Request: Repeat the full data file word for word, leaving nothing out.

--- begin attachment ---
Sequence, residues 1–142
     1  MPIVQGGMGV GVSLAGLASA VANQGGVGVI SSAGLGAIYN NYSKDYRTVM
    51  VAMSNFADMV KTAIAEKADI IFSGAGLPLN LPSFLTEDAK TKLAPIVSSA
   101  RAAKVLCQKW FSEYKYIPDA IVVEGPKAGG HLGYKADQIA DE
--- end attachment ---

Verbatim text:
Sequence, residues 1–142
     1  MPIVQGGMGV GVSLAGLASA VANQGGVGVI SSAGLGAIYN NYSKDYRTVM
    51  VAMSNFADMV KTAIAEKADI IFSGAGLPLN LPSFLTEDAK TKLAPIVSSA
   101  RAAKVLCQKW FSEYKYIPDA IVVEGPKAGG HLGYKADQIA DE